Showing posts from July, 2020

The buck starts here

After clamping the subframe on top of my old printer stand to make a vehicle buck , I had somewhere to place all of the components I had gotten so far.   Importantly, I already got the Hyper9HV motor as well as the HyperDrive X144 motor controller and inverter.  The motor is approx 60kg and man-handling it by myself from its box onto the temporary supports on the buck without hurting my back was a lesson in either humility or resistance training... I'm not sure which. The red wire spool is some 1/0awg 600-volt flexible welding cable that I'll be using to carry current from the batteries to the inverter, as well as from the inverter to the motor. The rest of the components to control the batteries and drive the motor I got from ThunderStruck Motors and are seen here sitting on the buck's table, mostly still in their boxes.  Other than a J1772 handle and cable (in orange), you can see the  144V DC-DC converter and the accelerator pedal . Having the buck on wheels means th

An EV needs some batteries

The motor I'm using is the NetGain HyPer9HV IS  AC motor, which requires me to have batteries that output around 144volt. After looking at a bunch of options, I decided to go with first-gen Nissan Leaf battery modules, since (a) they are inexpensive, (b) they don't require active cooling, and their form factor allows for some fun options on the Classic Mini (more on that later).  To get 144V total, I got 20 first-gen Nissan Leaf battery modules. I sourced them from ThunderStruck EV, since they are local and I could go pick up everything by car. Shipping those batteries was a non-starter. Above is an image that shows the batteries in their current, temporary home, in our family room next to the Nintendo GameCube. They are sitting between the legs of an old Epson P7000 printer stand on wheels that I modified a bit with some plywood, thereby creating a serviceable vehicle buck . The batteries are in a single stack that should fit into the trunk of the Mini, after I do some cutting

The VTEC subframe and axle(s)

Before getting an electric motor into the Mini, I needed to get a subframe that would fit both it and its associated transmission, etc. Don from MiniMania helped me source from MiniTec a VTEC B-series front subframe  and two modified axles.  The subframe arrived mounted on a pallet with the parts in a box inside, and looked great! Counting the axles, I sensed that something was missing...  However, that didn't seem like a big problem at the time, since I had lots of stuff to do still, before a missing axle would be an obstacle.  Some emails were sent and I moved on. More on this axle later.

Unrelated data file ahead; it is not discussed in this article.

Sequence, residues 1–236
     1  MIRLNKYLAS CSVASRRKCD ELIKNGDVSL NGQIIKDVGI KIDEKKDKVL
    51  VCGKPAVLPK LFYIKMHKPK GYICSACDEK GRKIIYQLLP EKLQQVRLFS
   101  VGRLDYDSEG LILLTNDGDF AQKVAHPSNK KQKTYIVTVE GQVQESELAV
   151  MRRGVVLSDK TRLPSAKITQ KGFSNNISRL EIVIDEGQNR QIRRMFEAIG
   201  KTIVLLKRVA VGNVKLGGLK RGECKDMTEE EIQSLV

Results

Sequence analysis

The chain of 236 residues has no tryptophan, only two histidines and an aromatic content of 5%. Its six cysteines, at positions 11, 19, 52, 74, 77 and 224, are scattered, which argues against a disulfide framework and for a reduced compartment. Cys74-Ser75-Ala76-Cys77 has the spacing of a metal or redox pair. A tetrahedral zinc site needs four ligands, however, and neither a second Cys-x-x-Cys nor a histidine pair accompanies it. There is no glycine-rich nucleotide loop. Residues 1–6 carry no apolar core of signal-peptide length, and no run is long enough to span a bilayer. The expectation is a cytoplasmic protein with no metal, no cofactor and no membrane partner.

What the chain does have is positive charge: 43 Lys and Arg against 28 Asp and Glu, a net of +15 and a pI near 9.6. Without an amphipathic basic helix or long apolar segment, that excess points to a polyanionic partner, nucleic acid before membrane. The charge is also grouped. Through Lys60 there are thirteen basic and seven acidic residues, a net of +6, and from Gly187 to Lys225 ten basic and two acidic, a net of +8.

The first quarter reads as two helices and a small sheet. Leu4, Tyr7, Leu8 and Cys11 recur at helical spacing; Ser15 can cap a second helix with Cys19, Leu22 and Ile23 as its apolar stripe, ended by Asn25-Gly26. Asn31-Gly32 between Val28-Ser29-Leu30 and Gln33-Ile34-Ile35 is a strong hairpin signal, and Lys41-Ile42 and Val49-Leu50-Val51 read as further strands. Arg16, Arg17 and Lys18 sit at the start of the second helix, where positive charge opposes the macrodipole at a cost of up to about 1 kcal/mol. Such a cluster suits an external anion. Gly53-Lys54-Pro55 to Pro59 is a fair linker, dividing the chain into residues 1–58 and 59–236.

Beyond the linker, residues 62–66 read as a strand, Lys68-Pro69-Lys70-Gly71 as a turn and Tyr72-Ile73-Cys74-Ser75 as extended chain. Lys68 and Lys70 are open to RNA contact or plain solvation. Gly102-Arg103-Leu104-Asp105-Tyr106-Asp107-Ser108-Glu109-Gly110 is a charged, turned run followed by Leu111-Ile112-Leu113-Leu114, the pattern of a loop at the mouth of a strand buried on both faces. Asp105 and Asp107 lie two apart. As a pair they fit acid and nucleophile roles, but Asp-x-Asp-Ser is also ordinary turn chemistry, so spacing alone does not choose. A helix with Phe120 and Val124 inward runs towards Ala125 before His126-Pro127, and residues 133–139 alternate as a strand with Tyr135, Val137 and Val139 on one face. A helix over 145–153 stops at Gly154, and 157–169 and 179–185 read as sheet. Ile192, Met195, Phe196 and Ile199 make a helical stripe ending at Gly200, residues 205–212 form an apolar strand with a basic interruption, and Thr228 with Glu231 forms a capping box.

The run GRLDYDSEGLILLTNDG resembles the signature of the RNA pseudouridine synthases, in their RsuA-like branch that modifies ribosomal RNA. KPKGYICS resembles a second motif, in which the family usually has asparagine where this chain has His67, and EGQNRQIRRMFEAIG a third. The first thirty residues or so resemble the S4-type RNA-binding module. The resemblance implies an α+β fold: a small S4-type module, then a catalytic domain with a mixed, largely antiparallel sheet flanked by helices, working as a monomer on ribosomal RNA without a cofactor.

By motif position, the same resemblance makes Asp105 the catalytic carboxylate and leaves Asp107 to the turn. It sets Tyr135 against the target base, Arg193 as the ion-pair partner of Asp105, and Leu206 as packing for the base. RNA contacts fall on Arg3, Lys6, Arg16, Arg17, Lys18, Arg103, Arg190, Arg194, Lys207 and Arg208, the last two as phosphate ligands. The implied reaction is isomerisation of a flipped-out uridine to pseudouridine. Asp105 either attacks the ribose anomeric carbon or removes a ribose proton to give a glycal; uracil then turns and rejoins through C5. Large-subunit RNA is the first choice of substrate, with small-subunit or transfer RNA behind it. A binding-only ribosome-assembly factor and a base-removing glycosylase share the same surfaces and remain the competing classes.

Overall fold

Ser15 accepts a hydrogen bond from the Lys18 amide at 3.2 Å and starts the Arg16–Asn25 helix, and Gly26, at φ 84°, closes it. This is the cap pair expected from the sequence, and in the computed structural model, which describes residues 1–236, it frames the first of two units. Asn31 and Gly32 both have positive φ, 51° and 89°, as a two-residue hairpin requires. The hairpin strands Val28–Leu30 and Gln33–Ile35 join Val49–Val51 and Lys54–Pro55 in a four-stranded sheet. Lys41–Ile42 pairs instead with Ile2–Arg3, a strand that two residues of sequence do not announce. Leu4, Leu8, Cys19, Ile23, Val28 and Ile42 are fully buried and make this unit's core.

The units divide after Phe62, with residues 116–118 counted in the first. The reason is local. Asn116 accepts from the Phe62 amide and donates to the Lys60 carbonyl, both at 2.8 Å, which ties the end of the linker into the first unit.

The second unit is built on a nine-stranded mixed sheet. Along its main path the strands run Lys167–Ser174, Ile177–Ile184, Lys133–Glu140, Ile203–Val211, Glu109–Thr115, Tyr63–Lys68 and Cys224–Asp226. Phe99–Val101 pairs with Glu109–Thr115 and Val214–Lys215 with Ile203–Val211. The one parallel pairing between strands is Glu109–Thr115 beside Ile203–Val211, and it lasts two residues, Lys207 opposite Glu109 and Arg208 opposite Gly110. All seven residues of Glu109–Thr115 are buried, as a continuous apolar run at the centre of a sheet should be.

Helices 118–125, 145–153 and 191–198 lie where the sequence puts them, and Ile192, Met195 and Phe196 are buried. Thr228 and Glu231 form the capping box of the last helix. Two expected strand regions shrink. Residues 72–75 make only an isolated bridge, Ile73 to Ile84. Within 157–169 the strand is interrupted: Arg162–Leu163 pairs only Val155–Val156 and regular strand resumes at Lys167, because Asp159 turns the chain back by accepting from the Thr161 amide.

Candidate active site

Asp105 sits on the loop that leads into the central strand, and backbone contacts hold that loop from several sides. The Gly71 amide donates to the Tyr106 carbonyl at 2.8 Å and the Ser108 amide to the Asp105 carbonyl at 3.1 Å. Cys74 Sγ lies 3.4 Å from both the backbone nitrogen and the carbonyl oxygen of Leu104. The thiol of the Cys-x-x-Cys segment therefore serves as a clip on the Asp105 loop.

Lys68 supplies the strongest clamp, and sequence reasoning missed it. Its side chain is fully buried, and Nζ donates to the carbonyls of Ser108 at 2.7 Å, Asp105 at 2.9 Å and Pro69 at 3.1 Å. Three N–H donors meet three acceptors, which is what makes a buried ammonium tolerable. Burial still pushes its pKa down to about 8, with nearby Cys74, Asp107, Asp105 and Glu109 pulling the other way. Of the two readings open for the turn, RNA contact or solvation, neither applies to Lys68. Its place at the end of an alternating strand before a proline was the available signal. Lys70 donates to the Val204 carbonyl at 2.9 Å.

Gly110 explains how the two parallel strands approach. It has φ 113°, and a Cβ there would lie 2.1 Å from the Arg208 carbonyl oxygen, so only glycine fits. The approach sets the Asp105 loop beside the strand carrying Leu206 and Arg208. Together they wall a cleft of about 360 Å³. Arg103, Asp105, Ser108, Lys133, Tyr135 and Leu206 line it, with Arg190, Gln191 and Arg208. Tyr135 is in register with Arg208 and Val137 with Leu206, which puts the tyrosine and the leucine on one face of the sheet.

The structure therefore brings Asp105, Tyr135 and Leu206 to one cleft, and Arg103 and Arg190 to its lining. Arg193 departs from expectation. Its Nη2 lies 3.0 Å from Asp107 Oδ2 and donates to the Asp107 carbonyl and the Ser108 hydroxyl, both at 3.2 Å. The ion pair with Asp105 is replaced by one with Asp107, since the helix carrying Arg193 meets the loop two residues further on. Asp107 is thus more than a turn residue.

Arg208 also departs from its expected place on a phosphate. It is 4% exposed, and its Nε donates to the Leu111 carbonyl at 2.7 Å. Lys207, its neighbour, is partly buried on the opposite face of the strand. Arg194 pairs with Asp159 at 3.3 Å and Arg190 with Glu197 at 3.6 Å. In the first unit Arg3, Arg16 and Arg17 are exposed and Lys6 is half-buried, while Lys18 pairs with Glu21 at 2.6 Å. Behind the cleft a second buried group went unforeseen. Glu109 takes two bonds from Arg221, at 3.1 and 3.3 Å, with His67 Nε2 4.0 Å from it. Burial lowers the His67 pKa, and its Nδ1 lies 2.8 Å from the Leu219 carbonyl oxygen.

Er... I guess I'm making a plug-in electric vehicle to be used in the US, and I'll need to plug it in.  Best learn about  SAE J1772  and all that jazz. The charger I'm using is the TSM2500 144V from ThunderStruck and I added a female J1772  plug for it to get power from a standard EV charger (which eventually gets it from the wall or via hard wiring). Ultimately, after some time spent recalling and practicing how to reliably splice and solder wires, the result was the Frankencable shown in these images. Jutting out from the middle of this Frankencable are a ground wire (with a standard wall-socket plug) as well as both the J1772 proximity and pilot wires.  These proximity and pilot wires go directly into the ThunderStruck EVCC 3.0 that will actually turn the TSM2500 on and off using CAN commands. As part of making this Frankencable, I messed up the nice Anderson connector that came installed on the TSM2500. I replaced it with a Delphi Metri-Pack 280-series sealed connec

Unboxing the body shell

The first thing I did was rent a garage and get it in shape to contain the car, as I was building it.  This was a significant amount of work, because the only reasonably-priced garage close to where I live was in terrible shape, so I had to start by refurbishing the garage itself. The body shell comes in wooden box and is very well packed, with multiple layers of protection. The box has four heavy-duty rollers on the corners, so you can maneuver the box pretty easily.  The box itself is significantly heavier than the body shell that it contains. The quality of the body shell is great, and my son and I were excited to take the next steps.

It makes sense to have a build thread

I was inspired by to build an EV Classic Mini. To pay it forward, I'm going to try to record what I've needed to do in my build here, in case others find it interesting or useful.  A big shoutout to Don Racine at MiniMania , who encouraged me to make the leap, as well as whoever did the build in the picture below, which showed me exactly how a Honda transmission and Hyper9 motor would look in a classic Mini.